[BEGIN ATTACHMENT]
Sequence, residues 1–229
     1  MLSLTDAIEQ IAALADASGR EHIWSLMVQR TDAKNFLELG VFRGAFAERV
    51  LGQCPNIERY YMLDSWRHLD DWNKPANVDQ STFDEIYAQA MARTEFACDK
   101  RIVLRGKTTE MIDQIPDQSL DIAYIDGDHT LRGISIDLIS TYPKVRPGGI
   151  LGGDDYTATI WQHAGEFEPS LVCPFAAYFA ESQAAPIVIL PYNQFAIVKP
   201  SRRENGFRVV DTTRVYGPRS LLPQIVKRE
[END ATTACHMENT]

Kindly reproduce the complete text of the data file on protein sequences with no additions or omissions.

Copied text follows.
Sequence, residues 1–229
     1  MLSLTDAIEQ IAALADASGR EHIWSLMVQR TDAKNFLELG VFRGAFAERV
    51  LGQCPNIERY YMLDSWRHLD DWNKPANVDQ STFDEIYAQA MARTEFACDK
   101  RIVLRGKTTE MIDQIPDQSL DIAYIDGDHT LRGISIDLIS TYPKVRPGGI
   151  LGGDDYTATI WQHAGEFEPS LVCPFAAYFA ESQAAPIVIL PYNQFAIVKP
   201  SRRENGFRVV DTTRVYGPRS LLPQIVKRE